Man ordered to pay €1,000 to man he deceived after cheque bounced

“Setting up a pub was an unmitigated financial disaster from Mr Sheridan’s point of view”

Aisling Kiernan

Reporter:

Aisling Kiernan

Email:

aisling.kiernan@longfordleader.ie

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A man who appeared at last week’s sitting of Longford Circuit Court charged under the Theft & Fraud Offences Act was ordered to pay €1,000 to the injured party in the case.

The defendant was also told by the presiding judge, that 200 hours of community service in lieu of a prison sentence, would be imposed upon him, once the money was furnished.

Kenny Sheridan (35), The Matrix, Drumcree, Carrick-on-Shannon, Co Leitrim, appeared before Judge Keenan Johnson charged with forgery at Tesco Car Park, Longford on February 17, 2014.

He was also further charged with making a false instrument by writing a cheque in the name of another person in the amount of €6,000 intending that it be used to induce Martin Foley on the same date.

Outlining the evidence to the court, Mr Des Dockery BL on behalf of the State said that the case centered around a forged cheque for €6,000 that the defendant gave to Martin Foley as payment following the takeover of a lease on a licenced premises in Drumlish.

On the date in question, the court was told that Mr Sheridan wrote out the cheque and forged the signature of another man before making the payment to Mr Foley.

“The cheque Mr Sheridan used was in another person's name; it was given to Martin Foley - who believed it was genuine - but when he lodged it in the bank, it was subsequently returned,” Mr Dockery explained.

In his evidence to the court Detective Garda Padraig Fahy said that Mr Foley had leased his bar in Drumlish - The Tavern - to Mr Sheridan and the money paid was for stock that remained on the premises after the lease was signed.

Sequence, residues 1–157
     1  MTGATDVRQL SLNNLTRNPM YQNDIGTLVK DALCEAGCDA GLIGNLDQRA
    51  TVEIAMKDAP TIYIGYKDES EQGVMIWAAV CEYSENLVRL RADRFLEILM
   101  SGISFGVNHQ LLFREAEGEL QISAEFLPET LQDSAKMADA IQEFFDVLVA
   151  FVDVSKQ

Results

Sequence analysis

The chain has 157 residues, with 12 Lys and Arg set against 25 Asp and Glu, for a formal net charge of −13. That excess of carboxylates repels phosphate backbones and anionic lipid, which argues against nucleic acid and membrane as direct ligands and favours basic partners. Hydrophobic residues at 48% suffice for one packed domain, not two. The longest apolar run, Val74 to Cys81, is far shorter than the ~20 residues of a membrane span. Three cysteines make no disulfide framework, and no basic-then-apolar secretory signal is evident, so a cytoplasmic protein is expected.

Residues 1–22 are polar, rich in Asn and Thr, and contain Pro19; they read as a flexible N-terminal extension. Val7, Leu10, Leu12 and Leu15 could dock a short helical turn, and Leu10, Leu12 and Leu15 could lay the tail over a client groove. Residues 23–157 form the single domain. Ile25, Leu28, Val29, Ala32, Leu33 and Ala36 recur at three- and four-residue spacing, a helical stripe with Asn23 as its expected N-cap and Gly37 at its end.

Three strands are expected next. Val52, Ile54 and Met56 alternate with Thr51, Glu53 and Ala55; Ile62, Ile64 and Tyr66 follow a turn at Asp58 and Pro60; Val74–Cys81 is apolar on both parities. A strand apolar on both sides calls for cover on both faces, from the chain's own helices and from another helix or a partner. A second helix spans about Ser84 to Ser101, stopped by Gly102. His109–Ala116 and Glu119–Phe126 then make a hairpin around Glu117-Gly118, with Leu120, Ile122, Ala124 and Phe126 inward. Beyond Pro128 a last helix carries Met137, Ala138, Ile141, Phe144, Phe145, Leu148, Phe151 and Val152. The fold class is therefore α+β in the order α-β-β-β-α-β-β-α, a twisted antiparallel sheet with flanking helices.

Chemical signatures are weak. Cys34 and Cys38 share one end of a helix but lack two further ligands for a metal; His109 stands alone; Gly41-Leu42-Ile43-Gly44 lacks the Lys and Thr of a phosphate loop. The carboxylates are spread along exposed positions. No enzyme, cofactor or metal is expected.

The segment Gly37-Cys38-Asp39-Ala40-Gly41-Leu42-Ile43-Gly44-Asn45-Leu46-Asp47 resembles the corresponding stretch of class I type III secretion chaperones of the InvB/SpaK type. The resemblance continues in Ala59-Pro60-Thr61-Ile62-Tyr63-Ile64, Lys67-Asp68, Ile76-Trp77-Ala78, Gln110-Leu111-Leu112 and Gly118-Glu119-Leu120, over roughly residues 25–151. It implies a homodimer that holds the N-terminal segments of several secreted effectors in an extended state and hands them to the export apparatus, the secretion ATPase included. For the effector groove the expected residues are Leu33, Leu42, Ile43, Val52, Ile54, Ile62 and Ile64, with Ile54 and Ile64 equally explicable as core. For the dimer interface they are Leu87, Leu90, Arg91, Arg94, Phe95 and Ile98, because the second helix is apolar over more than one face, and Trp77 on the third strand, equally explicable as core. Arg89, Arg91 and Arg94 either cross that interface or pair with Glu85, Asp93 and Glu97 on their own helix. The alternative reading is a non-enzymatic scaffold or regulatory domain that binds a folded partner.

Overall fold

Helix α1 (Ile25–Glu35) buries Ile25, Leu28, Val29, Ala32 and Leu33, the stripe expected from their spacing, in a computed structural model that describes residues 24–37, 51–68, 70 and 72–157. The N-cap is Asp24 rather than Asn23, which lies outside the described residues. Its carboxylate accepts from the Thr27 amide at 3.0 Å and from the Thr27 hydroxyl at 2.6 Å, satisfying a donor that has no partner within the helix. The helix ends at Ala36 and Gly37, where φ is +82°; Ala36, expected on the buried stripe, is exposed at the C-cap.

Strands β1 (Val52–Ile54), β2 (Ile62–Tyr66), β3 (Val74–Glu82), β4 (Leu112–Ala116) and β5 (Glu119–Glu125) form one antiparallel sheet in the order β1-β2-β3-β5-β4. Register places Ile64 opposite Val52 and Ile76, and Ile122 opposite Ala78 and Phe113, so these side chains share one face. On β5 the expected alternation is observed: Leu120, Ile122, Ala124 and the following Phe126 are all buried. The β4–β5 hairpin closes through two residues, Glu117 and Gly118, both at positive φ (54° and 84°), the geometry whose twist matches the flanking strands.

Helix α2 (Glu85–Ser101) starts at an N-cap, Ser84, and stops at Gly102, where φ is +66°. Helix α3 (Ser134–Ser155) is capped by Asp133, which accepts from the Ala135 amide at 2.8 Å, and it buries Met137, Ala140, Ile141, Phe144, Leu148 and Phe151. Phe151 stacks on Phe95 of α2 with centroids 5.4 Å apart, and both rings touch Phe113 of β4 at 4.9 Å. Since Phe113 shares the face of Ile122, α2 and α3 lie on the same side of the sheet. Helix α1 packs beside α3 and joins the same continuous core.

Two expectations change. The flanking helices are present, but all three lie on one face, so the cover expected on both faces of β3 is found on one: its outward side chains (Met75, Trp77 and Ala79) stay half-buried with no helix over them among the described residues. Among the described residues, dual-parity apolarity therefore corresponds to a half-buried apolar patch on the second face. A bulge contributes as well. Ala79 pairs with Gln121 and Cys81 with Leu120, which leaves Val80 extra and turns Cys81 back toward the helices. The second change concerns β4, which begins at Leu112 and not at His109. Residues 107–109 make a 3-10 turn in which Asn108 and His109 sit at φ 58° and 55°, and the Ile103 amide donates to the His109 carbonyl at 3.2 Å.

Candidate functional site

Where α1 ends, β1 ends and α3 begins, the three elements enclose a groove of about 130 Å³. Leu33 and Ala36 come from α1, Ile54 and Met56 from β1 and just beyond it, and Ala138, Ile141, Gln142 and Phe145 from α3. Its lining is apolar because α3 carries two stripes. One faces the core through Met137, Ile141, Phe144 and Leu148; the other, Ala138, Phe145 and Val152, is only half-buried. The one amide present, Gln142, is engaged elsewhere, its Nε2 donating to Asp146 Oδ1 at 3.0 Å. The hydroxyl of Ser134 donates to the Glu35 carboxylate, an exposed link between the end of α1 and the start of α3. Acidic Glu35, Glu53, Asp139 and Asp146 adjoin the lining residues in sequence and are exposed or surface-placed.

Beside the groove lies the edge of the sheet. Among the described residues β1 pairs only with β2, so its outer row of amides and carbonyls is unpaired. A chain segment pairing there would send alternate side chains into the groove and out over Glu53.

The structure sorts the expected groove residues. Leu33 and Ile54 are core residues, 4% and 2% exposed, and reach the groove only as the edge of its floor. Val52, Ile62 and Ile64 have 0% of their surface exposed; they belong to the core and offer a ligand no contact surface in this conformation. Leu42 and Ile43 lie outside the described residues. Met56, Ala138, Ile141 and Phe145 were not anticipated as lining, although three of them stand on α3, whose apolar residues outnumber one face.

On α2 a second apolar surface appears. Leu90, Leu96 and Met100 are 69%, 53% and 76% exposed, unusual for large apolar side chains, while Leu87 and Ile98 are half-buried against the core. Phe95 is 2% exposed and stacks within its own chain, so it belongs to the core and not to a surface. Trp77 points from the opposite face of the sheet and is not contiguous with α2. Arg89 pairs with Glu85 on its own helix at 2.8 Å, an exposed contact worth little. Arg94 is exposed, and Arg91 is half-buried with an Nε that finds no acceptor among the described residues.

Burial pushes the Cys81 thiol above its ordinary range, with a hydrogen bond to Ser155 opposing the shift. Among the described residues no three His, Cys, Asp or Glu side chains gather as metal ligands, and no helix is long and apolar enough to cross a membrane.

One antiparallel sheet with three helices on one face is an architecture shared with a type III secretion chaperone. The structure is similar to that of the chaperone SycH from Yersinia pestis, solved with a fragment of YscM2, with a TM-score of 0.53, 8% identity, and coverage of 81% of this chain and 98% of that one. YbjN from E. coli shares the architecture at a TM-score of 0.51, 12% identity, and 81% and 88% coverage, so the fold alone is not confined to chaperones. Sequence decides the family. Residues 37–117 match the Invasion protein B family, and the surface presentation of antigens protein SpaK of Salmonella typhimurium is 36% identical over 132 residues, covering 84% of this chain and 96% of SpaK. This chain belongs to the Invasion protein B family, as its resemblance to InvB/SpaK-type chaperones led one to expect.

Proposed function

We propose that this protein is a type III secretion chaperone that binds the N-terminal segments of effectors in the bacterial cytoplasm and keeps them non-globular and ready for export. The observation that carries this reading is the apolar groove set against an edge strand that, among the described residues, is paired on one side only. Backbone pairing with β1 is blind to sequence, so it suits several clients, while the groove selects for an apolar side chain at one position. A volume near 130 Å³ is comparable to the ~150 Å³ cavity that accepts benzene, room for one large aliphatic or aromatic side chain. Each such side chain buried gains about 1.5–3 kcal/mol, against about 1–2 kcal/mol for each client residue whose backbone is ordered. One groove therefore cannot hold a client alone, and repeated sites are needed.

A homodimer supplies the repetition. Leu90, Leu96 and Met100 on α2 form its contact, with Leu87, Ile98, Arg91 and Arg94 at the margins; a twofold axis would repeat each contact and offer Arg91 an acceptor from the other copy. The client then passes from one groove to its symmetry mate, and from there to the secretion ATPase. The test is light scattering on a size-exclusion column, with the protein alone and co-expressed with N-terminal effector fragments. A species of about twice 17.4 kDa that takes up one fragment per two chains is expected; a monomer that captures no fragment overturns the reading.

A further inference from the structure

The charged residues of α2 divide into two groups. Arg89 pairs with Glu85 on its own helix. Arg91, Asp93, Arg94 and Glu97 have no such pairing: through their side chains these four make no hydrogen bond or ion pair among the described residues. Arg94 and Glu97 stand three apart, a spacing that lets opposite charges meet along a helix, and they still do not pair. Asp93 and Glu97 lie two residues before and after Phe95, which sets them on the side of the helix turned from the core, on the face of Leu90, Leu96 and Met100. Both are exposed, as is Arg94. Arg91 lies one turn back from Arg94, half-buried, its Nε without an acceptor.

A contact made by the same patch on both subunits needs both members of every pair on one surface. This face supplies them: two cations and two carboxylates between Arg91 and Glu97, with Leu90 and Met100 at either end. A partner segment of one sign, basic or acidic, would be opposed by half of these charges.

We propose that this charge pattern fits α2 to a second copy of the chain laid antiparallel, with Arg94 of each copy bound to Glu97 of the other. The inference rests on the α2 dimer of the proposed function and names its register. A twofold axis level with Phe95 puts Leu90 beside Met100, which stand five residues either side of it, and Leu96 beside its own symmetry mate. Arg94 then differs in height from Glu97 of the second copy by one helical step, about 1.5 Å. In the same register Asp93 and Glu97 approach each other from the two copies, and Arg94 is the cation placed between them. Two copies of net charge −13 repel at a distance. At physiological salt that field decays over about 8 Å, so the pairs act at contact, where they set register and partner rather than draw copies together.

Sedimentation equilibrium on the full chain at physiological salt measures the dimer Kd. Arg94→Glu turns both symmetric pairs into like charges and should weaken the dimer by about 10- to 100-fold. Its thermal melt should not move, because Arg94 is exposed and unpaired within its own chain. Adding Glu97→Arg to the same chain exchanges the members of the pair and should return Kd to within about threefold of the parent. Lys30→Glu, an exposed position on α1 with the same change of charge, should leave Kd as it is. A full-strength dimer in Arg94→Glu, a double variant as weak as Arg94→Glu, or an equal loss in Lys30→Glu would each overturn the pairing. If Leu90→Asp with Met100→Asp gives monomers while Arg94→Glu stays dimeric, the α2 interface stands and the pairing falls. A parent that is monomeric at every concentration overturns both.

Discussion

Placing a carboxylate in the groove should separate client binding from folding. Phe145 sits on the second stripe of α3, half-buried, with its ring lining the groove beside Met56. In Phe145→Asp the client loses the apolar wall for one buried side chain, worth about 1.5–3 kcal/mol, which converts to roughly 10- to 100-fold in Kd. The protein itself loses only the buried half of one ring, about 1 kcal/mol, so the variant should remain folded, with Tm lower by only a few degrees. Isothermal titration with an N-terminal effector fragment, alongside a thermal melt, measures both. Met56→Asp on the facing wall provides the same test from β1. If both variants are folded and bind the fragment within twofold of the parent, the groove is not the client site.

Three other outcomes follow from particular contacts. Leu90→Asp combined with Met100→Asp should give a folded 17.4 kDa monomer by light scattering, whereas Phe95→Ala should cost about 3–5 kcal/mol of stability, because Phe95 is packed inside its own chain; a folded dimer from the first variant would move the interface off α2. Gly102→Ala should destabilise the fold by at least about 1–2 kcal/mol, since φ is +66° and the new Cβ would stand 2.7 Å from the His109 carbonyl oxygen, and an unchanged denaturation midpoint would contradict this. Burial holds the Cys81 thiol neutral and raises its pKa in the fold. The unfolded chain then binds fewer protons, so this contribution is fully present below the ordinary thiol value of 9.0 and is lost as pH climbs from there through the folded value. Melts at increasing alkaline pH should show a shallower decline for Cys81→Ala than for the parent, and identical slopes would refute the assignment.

“An agreement was reached with regards to the repayments on the lease, but Mr Foley did not receive those payments,” added the detective.

“He did, however, receive a cheque for €6,000 from Mr Sheridan but the cheque bounced, so he told Mr Sheridan what had happened and Mr Sheridan made two cash payments to him thereafter.”

Meanwhile, the court was told that Mr Foley made a complaint about the matter to An Garda Síochána.

The court heard that after members investigated the case further, they discovered that the cheque in question, had been associated with a company that was no longer trading.

“In July 2014 Mr Sheridan paid Mr Foley €3,000,” Detective Garda Fahy continued, before pointing out that the defendant was arrested the following September.

“Mr Sheridan acknowledged signing the cheque and handing it to Mr Foley and said that he had given it in good faith.

“Mr Sheridan later paid Mr Foley the remainder of the money owed.”

Judge Johnson then asked whether or not the defendant held any previous convictions.

The Judge was subsequently told that Mr Sheridan had a number of convictions that included criminal damage, robbery, theft and trading without a licence.

In mitigation, counsel for the defendant Mr Niall Flynn BL said that his client was a 34-year-old man who was separated with five children.

The barrister also pointed to a probation report in respect of the defendant that had already been furnished to the court.

Mr Flynn BL added; “This offence took place three years ago and he has apologised for what happened.”

Counsel went on to say that his client had handed the cheque over to Mr Foley in good faith and accepted full responsibility for the situation that subsequently developed.

“The entire €6,000 has now been paid to Mr Foley and Mr Sheridan does regret what happened,” continued Mr Flynn BL.

“He is working as a freelance chef.

“I would say that Mr Sheridan is a man who if given a chance, will take it.”

The barrister went on to say that the defendant had initially taken over the lease on the pub in an effort to “provide for his family” and it was a move that unfortunately had not worked out well.

“I would therefore ask the court to be as lenient as possible,” he added.

During his deliberations on the matter, Judge Johnson acknowledged the defendant’s guilty plea to the charges before the court.

The Judge also said that he found it “incredible” that Mr Sheridan would say that he handed over the cheque in good faith considering he forged a signature.

“In fairness to him, Mr Sheridan did not shy away from his responsibilities in relation to this,” Judge Johnson continued.

“Setting up a pub was an unmitigated financial disaster from Mr Sheridan’s point of view.

“The probation report indicates that he is suitable for community service.”

The Judge subsequently ordered Mr Sheridan to pay €1,000 in compensation to Mr Foley and said that when the money was furnished he would impose 200 hours community service.